Comparison of World Health Organization 2000/2004 and World Health Organization 2010 classifications for gastrointestinal and pancreatic neuroendocrine tumors

Pasaoglu E., Dursun N., Ozyalvacli G., Hacihasanoglu E., Behzatoglu K., Calay O.

ANNALS OF DIAGNOSTIC PATHOLOGY, vol.19, no.2, pp.81-87, 2015 (SCI-Expanded) identifier identifier identifier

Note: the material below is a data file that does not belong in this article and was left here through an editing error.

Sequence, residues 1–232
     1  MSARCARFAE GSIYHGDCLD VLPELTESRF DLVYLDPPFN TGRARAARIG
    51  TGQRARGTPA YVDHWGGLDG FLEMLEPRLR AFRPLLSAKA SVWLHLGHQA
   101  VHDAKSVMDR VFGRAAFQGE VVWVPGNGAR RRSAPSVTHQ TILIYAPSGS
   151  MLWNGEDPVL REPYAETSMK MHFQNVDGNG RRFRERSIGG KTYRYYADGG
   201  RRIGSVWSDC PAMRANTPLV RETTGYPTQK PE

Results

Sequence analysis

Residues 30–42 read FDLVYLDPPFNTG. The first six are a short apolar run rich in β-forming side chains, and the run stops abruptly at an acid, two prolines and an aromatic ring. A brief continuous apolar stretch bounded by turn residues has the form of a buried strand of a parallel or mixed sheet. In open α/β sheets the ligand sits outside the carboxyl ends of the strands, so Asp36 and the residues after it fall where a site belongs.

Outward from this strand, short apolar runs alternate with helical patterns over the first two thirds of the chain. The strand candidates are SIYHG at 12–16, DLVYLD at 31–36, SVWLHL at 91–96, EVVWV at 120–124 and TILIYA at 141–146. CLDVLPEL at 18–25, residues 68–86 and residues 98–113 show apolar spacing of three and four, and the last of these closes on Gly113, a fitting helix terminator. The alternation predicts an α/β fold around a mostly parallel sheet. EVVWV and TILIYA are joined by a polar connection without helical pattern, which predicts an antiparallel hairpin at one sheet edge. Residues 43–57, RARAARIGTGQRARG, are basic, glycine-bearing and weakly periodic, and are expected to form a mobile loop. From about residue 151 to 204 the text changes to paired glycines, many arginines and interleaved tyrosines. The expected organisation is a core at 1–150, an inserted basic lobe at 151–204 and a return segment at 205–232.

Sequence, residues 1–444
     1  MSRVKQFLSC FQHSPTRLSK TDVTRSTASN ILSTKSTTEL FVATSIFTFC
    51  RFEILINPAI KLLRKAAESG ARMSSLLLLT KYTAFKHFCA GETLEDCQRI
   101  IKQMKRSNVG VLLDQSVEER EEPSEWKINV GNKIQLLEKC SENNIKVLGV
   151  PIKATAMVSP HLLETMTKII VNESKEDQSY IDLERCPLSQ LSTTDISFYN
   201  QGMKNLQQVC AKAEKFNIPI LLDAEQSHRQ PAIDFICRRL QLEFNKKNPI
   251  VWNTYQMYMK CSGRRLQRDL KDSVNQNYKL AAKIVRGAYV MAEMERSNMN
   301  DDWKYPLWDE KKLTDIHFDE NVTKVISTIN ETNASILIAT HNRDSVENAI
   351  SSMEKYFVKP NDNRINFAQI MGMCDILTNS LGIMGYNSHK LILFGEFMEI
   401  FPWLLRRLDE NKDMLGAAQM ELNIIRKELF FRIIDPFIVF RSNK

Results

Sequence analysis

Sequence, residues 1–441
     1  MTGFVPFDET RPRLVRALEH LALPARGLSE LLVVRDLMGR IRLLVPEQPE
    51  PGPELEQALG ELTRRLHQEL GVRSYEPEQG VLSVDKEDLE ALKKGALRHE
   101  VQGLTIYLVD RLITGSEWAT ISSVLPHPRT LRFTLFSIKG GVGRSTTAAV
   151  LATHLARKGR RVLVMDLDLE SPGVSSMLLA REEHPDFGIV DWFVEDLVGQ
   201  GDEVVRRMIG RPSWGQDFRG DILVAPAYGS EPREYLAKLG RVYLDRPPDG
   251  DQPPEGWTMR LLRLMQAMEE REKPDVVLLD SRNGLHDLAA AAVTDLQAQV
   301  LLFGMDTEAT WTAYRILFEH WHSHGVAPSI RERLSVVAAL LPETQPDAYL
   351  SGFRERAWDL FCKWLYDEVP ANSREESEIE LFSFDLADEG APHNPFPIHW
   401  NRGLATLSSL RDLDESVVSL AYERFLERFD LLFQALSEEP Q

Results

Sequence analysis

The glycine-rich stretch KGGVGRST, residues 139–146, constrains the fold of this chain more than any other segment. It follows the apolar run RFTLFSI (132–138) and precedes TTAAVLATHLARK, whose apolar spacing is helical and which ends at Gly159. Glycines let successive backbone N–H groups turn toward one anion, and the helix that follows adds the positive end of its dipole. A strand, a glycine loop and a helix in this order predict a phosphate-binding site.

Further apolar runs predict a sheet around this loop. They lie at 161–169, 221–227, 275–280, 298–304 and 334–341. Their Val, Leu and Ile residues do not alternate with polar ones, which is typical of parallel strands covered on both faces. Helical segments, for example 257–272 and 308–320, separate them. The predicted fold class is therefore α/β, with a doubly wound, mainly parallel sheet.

Gastroenteropancreatic neuroendocrine tumors (GEPNETs) were divided into 4 groups based on tumor diameter and stage in World Health Organization (WHO) 2000/2004 classification as well-differentiated endocrine tumor benign (WDETB), well-differentiated endocrine tumor with uncertain behavior (WDETUB), well-differentiated endocrine carcinoma (WDEC), and poorly differentiated endocrine carcinoma (PDEC). World Health Organization 2000/2004 was not widely accepted because of stage-related classification and the category of "uncertain behavior." The European NET Society proposed a grading classification and site-specific staging system in 2010. Gastroenteropancreatic NETs were divided into 3 groups as NET grade 1 (G1), NET grade 2 (G2), and neuroendocrine carcinoma (NEC) grade 3 (G3) based on mitoses and the Ki-67 index. We evaluated 63 GEPNET cases according to both classifications. We compared two classifications and the tumor groups in terms of prognostic parameters (diameter, mitosis, Ki-67 index, angioinvasion, perineural invasion, necrosis, and metastasis) and pathologic stage. All 14 cases diagnosed as PDEC were included in the NEC G3 according to WHO 2010. Seventeen cases were diagnosed as WDETB, 9 as WDETUB, and 23 as WDEC. There was statistically significant difference between these groups in terms of all prognostic parameters except for necrosis, mitosis, Ki-67 index, and grade. All WDETB cases, 89% of WDETUBs, and 87% of WDECs were included in the NET G1. There were 45 cases evaluated as NET G1 and 4 cases as NET G2 according to WHO 2010. Metastasis and perineural invasion were more common in NET G2, no significant differences in other parameters. In conclusion, WHO 2010 is easier to use, whereas WHO 2000/2004 shows higher correlation with prognosis. However, it includes benign and uncertain behavior categories, although small tumors with low proliferative activity can also cause metastases. All GEPNETs should be considered potentially malignant (C) 2015 Elsevier Inc. All rights reserved.